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"As the rate of technological development speeds up, the gap between science fiction and what we’re living now is getting narrower all the time."
- Richard Morgan

Antigravity Globe Arena  
  A spherical arena for wrestling.  

Extreme body modification can help people to work in space. But how can you see what a potential crew member can do in a weightless environment - on Earth?

Rydra looked up. "Let's watch the wrestling."

Along the counter people raised their heads. At the tables, patrons released the catch in their chair arms so that the backs swung to half recline.

Calli's mug clinked on the counter, and Ron raised both feet to the stool and leaned back against the bar.

"What are they looking at?" the Customs Officer asked. "Where's everybody—" Rydra put her hand on the back of his neck and did something so that he laughed and swung his head up. Then he sucked a great breath and let it out slowly.

The smoky globe, hung in the vault, was shot with colored light. The room had gone dim. Thousands of watts of floodlights struck the plastic surface and gleamed on the faces below as smoke in the bright sphere faded.

"What's going to happen?" the Customs Officer asked. "Is that where they wrestle . . . ?"

Rydra brushed her hand over his mouth and he nearly swallowed his tongue: but was quiet.

And the Silver Dragon came, wings working in the smoke, silver feathers like clashed blades, scales on the grand haunches shaking; she rippled her ten-foot body and squirmed in the antigravity field, green lips leering, silver lids batting over green orbs,. "It's a woman!" breathed the Customs Officer.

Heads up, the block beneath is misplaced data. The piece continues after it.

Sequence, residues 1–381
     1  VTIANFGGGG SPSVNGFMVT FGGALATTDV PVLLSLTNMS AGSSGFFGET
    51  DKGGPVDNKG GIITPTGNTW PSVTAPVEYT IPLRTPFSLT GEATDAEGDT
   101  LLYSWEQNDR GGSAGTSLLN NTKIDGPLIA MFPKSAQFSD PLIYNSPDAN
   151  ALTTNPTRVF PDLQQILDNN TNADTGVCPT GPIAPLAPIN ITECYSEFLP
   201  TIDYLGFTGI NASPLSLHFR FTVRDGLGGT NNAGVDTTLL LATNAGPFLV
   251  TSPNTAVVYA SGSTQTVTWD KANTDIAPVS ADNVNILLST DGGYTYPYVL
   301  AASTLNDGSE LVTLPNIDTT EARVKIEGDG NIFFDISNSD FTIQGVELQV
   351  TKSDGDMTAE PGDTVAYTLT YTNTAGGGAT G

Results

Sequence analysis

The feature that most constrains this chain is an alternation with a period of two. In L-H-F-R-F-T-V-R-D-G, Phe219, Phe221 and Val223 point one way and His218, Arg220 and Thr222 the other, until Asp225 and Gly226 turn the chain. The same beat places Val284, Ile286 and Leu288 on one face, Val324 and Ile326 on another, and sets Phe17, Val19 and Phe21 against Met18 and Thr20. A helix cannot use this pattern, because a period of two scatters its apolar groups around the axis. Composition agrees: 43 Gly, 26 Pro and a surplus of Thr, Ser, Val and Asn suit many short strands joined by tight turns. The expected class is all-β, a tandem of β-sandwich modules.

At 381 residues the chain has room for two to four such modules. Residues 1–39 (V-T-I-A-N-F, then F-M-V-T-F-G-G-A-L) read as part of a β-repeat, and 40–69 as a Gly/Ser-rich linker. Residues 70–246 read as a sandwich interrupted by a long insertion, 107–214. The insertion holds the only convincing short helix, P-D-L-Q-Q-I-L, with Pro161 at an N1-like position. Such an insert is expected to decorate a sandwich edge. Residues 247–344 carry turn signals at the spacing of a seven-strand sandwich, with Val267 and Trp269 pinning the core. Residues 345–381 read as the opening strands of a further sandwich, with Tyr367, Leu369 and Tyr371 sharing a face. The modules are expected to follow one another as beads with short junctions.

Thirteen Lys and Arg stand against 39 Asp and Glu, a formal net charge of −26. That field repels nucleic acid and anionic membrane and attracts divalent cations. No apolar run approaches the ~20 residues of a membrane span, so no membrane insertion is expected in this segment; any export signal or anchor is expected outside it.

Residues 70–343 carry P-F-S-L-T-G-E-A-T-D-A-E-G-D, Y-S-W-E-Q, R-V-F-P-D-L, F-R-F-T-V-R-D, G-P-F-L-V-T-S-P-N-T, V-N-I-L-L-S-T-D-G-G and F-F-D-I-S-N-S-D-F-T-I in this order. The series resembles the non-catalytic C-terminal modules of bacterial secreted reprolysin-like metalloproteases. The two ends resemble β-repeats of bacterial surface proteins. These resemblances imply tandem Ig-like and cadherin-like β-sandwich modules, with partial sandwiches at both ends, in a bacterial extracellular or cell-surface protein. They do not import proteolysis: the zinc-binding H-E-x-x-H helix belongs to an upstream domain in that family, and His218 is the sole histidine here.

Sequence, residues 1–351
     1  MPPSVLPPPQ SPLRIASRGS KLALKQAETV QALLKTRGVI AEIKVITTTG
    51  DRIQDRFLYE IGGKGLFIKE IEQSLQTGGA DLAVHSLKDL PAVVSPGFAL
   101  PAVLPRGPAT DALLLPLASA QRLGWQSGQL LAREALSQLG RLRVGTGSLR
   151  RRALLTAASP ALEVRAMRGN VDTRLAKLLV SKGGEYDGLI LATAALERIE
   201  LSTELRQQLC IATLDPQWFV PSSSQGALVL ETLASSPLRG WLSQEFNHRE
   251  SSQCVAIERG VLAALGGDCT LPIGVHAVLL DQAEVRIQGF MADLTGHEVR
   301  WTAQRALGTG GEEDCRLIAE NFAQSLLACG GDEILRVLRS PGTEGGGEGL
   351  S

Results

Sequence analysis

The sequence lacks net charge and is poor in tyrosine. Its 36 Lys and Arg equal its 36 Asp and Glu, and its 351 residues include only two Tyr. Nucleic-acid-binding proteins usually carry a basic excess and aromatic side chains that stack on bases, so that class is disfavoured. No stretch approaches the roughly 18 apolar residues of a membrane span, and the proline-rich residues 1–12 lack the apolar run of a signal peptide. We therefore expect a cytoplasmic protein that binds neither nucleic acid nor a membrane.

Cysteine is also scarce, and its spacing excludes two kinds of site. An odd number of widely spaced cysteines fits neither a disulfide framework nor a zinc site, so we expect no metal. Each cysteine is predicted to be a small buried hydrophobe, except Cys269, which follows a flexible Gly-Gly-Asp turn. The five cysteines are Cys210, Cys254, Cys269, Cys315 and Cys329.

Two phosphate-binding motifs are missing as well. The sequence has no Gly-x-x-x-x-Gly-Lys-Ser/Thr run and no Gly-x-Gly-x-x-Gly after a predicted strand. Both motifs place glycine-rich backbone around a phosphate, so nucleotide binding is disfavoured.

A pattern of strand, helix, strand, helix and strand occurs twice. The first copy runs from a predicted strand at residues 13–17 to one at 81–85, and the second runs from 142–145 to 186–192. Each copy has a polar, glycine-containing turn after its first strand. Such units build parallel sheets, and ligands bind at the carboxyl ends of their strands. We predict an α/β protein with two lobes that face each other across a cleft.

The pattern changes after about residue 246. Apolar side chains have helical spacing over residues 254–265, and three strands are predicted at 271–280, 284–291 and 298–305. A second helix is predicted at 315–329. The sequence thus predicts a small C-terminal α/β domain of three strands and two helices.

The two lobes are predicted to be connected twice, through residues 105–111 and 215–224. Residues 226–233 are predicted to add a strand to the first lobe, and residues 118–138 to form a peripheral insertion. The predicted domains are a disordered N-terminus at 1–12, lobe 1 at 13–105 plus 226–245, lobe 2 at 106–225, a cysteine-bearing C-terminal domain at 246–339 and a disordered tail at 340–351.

An appreciative tattoo of finger snapping scattered through the audience.

Smoke rolled in the globe—"That's our Brass!" whispered Calli.

—and Brass yawned and shook his head, ivory saber teeth glistening with spittle, muscles humped on shoulders and arms; brass claws unsheathed six inches from yellow plush paws. Bunched bands on his belly bent above them. The barbed tail beat on the globe's wall. His mane, sheared to prevent handholds, ran like water.

Calli grabbed the Customs Officer's shoulder.

"Snap your fingers, man! That's our Brass!"

The Customs Officer, who had never been able to, nearly broke his hand.

The globe flared red. The two pilots turned to one another across the sphere's diameter. Voices quieted. The Customs Officer glanced from the ceiling to the people around him. Every other face was up...

"What are they trying to do?" the Customs Officer whispered. "How can you tell who's winning?" He looked down again: what he'd grabbed was Calli's shoulder.

"When one can throw the other against the wall and only touch the far wall himself with one limb on the ricochet," Calli explained, not looking down, "that's a fall."

Technovelgy from Babel-17, by Samuel R. Delany.
Published by Ace Books in 1966
Additional resources -

Captain Wong explains:

"You can really judge a pilot by watching him wrestle?" the officer inquired of Rydra.

She nodded. "In the ship, the pilot's nervous system is connected directly with the controls. The whole hyperstasis transit consists of him literally wrestling the stasis shifts. You judge by his reflexes, his ability to control his artificial body. An experienced Transporter can tell exactly how he'll work with hyperstasis currents."

"I'd heard about it, of course. But this was the first time I've seen it- It was . . . exciting."

Compare to the courtarena from The Tactful Saboteur (1964) by Frank Herbert and the battleroom from Ender's Game (1985) by Orson Scott Card.

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Additional resources:
  More Ideas and Technology from Babel-17
  More Ideas and Technology by Samuel R. Delany
  Tech news articles related to Babel-17
  Tech news articles related to works by Samuel R. Delany

Antigravity Globe Arena-related news articles:
  - MSG Sphere Las Vegas, ala Star Wars

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